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Sex Differences in Coronary Artery Disease and Diabetes Revealed by scRNA-Seq and CITE-Seq of Human CD4+ T Cells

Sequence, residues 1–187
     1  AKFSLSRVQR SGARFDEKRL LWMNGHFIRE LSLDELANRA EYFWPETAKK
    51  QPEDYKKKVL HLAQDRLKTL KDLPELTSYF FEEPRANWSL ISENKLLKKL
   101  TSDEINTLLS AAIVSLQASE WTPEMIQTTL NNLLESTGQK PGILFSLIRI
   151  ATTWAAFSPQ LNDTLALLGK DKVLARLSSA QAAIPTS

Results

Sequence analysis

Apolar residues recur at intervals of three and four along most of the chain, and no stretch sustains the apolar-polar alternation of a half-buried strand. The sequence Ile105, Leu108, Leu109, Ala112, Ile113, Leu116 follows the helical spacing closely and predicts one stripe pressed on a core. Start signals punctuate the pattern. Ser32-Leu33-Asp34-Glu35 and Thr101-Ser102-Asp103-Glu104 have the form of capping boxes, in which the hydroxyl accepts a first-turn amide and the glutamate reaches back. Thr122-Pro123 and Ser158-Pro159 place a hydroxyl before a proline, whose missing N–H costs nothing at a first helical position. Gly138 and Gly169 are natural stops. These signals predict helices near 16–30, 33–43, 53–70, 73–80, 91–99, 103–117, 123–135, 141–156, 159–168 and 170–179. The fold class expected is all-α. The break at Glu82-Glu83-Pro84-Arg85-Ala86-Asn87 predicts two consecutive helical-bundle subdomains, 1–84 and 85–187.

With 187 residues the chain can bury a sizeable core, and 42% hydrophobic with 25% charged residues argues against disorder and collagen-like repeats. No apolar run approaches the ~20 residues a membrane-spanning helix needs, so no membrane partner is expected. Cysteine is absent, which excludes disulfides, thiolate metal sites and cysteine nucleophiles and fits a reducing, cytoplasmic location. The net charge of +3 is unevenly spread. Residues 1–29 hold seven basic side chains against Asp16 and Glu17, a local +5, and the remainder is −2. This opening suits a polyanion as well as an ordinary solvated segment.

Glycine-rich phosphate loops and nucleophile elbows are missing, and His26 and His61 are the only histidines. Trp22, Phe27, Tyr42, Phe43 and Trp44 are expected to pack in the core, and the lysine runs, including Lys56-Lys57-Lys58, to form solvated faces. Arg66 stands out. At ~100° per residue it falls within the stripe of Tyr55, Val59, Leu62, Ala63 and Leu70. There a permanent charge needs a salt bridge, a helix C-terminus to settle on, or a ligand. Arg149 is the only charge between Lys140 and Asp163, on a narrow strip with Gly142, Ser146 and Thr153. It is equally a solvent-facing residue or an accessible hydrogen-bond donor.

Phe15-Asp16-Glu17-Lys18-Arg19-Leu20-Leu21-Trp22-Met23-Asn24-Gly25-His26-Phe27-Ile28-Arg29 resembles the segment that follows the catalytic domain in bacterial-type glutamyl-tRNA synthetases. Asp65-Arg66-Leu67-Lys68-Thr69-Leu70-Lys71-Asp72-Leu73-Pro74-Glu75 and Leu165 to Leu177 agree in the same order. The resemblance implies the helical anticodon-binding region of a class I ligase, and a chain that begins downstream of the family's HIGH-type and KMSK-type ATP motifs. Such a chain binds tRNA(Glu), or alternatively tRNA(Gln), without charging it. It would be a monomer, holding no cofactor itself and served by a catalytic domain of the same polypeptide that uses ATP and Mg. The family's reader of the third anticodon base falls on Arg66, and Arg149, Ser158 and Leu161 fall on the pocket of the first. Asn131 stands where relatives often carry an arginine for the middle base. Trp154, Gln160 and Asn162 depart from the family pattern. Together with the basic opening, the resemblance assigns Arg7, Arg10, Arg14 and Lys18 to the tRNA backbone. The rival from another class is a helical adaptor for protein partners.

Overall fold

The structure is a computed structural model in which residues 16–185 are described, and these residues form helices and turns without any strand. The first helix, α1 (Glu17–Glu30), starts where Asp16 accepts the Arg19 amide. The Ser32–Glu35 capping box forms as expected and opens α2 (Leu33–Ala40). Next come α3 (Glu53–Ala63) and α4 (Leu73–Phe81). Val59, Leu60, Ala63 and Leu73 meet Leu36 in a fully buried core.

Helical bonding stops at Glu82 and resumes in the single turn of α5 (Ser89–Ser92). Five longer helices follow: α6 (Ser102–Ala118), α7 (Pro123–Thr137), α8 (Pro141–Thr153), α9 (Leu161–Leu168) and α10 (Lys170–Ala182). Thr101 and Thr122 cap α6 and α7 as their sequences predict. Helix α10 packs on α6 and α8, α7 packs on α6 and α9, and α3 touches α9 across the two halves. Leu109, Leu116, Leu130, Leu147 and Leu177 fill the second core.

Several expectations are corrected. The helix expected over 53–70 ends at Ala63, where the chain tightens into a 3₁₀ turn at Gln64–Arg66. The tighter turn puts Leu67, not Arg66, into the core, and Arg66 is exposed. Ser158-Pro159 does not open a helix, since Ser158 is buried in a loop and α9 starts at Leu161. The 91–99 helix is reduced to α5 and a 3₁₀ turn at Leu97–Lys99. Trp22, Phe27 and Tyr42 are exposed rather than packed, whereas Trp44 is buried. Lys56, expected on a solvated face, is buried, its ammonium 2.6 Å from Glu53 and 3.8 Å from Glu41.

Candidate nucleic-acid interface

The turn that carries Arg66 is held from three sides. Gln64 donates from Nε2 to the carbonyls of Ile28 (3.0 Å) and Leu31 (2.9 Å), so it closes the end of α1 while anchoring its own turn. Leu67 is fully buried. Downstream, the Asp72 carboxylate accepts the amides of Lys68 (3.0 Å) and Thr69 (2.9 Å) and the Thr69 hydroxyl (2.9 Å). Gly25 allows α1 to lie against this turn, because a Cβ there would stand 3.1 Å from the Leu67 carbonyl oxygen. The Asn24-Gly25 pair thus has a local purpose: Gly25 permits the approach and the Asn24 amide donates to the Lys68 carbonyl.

Despite the decades-old knowledge that males and people with diabetes mellitus (DM) are at increased risk for coronary artery disease (CAD), the reasons for this association are only partially understood. Among the immune cells involved, recent evidence supports a critical role of T cells as drivers and modifiers of CAD. CD4+ T cells are commonly found in atherosclerotic plaques. We aimed to understand the relationship of CAD with sex and DM by single-cell RNA (scRNA-Seq) and antibody sequencing (CITE-Seq) of CD4+ T cells. Peripheral blood mononuclear cells (PBMCs) of 61 men and women who underwent cardiac catheterization were interrogated by scRNA-Seq combined with 49 surface markers (CITE-Seq). CAD severity was quantified using Gensini scores, with scores above 30 considered CAD+ and below 6 considered CAD-. Four pairs of groups were matched for clinical and demographic parameters. To test how sex and DM changed cell proportions and gene expression, we compared matched groups of men and women, as well as diabetic and non-diabetic subjects. We analyzed 41,782 single CD4+ T cell transcriptomes for sex differences in 16 women and 45 men with and without coronary artery disease and with and without DM. We identified 16 clusters in CD4+ T cells. The proportion of cells in CD4+ effector memory cluster 8 (CD4T8, CCR2+ Em) was significantly decreased in CAD+, especially among DM+ participants. This same cluster, CD4T8, was significantly decreased in female participants, along with two other CD4+ T cell clusters. In CD4+ T cells, 31 genes showed significant and coordinated upregulation in both CAD and DM. The DM gene signature was partially additive to the CAD gene signature. We conclude that (1) CAD and DM are clearly reflected in PBMC transcriptomes, and (2) significant differences exist between women and men and (3) between subjects with DM and non-DM.

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